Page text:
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Welcome to the course page for BIOL 3225 with Nicole Tunbridge!

On this page you will find:

  • helpful resources for writing your annotated bibliographies
  • tips for locating articles for your assignment
  • citation management tools to help you organize your research
  • APA guidelines for labelling your figures

Please feel free to contact me either by email or, if you'd like to meet me on Teams or Zoom, you can book an appointment here.

Good luck with your assignment!


An annotated bibliography is a list of sources you will be using in your presentation. It will include an APA-style reference for each source, arranged alphabetically according to the authors' names, as you would normally do for a reference list.

However, below each entry you will also include a paragraph telling your reader something about the article and how it relates to your own research topic. Working through an annotated bibliography is usually done as part of the researching and writing of a larger project; it's also good practice in reading scientific articles and learning to summarize and evaluate them in terms of your own research. Learning how to critically read scientific information and integrating it with your own writing is a crucial skill for communicating in the sciences. 

See the example below of an annotation of an article from Plant Ecology.

Guidelines vary on how long your annotations should be, but in general 3-5 well-organized sentences should be enough to convey the most important information. You will probably write something in the range of 150-200 words. 

But what should be included?

At a minimum, your notes should provide:

  • a brief summary sentence or two on the nature and scope of the research
  • an indication of the author(s) credentials or expertise in the area
  • possible shortcomings, biases, or errors in methods
  • your own consideration as to the significance of the work and how it relates to other research in the area
  • reflect on how it is going to be used in your own work 

Tip: Check with your instructor for more specific instructions on formatting and content of annotations.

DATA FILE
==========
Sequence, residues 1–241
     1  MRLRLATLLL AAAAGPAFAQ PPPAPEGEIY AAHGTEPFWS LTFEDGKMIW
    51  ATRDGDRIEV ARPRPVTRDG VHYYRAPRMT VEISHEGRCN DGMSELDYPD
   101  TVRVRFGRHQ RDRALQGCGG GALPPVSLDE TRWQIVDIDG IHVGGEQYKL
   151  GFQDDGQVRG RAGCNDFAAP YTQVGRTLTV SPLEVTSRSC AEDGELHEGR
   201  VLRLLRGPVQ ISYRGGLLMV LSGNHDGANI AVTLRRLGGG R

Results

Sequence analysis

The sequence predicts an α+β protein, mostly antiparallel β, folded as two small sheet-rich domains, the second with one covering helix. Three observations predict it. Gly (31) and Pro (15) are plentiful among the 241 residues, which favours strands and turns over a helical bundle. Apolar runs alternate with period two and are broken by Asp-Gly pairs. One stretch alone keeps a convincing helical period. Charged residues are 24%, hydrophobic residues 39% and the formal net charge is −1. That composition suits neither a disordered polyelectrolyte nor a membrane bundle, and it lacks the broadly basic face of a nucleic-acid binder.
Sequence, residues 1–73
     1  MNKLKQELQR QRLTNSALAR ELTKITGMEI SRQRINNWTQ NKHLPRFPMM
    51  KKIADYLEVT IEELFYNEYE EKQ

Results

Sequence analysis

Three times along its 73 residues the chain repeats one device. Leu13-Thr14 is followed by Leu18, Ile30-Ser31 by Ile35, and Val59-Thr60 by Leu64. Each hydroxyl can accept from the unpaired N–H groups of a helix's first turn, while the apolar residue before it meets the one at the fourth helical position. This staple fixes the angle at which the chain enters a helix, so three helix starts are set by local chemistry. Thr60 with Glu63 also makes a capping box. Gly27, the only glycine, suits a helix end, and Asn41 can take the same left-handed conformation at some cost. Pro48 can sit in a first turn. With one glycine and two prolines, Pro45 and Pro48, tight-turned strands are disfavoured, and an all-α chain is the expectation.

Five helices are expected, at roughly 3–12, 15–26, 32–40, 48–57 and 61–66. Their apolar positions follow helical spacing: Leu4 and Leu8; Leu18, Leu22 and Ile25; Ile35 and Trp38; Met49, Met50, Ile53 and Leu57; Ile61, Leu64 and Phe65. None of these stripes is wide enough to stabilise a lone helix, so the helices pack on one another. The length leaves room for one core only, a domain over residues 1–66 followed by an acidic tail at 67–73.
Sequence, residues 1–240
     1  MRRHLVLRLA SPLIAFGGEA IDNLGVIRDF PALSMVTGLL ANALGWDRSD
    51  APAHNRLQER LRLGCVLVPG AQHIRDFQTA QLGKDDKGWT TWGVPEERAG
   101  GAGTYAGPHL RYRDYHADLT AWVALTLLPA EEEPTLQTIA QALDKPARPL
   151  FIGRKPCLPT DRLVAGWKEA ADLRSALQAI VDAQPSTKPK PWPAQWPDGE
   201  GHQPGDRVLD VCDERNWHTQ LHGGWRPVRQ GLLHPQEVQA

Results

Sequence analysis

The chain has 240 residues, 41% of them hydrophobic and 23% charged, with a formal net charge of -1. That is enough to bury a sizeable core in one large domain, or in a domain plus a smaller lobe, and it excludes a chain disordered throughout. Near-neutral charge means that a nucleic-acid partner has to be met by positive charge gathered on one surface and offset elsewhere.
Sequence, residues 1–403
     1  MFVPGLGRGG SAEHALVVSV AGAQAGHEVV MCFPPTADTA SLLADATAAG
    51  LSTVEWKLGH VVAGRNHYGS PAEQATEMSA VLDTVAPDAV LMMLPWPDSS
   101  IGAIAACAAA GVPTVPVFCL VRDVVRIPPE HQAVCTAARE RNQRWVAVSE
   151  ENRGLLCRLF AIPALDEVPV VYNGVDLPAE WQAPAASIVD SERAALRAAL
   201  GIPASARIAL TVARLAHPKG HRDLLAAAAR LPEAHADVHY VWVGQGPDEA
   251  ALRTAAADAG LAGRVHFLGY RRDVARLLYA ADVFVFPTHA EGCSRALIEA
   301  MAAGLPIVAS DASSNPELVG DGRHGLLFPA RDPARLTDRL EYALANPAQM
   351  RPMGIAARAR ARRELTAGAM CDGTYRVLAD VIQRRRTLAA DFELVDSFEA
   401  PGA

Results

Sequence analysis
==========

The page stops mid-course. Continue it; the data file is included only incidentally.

Here's a quick video that will outline the major points to consider when writing an annotated bibliography. 

Still have some questions about how to write an annotated bibliography? The following links should help you find your answers. 


For a more targeted search of the library's collection relating to climate change and plant science, these links below will take you to the most relevant databases.

These are just a few of the library's subscription journals relevant to plant science and ecology.

Have a particular journal you're interested in but you don't know whether the library has access? Use the Journal title search on the library homepage.

Get to know these Open Access journals that are freely available without a library subscription. 

Once you've thoroughly searched the library's collections, and you are looking for more hard-to-find literature, use Google Scholar.

If you are off campus, check the settings in Google Scholar. Look for Library Links, and add Kwantlen Polytechnic University Library to the search box.

Adjusting your settings this way will provide links to those search results the Library has access to.

Google Scholar Search

Zotero is a free browser tool that keeps track of your articles, books, and webpages, and creates citations in several formats. Sign up for a free account, and your personal library will be accessible from any computer with an internet connection.

For help learning how to use Zotero, please visit for downloading and support.

Tip: Use Zotero's NOTES feature to add notes to your saved PDFs. As you are doing your research and considering whether or not to use an article for your bibliography, adding notes as you go will save you time in the long run.


Also available for free, Mendeley allows you to import articles in PDF format from supported websites as well as stored on your local device, making them accessible from anywhere. You can references and bibliographies in many styles. 

Tip: Use the NOTEBOOK feature to make notes on the articles you save. This will make your work easier to organize!

You will be creating a figure for you annotated bibliography, based on the research results of your initial source article. This figure will require that you write your own caption explaining what the figure is about, and it is important that you do this in your own words. You will also include an in-text citation to the source of the data you are including in your figure, the original article. The full citation for the original article must appear in your annotated bibliography.

For details about how to number, label, and caption your tables and figures, see the comprehensive Tables-Figures page on the APA Style site.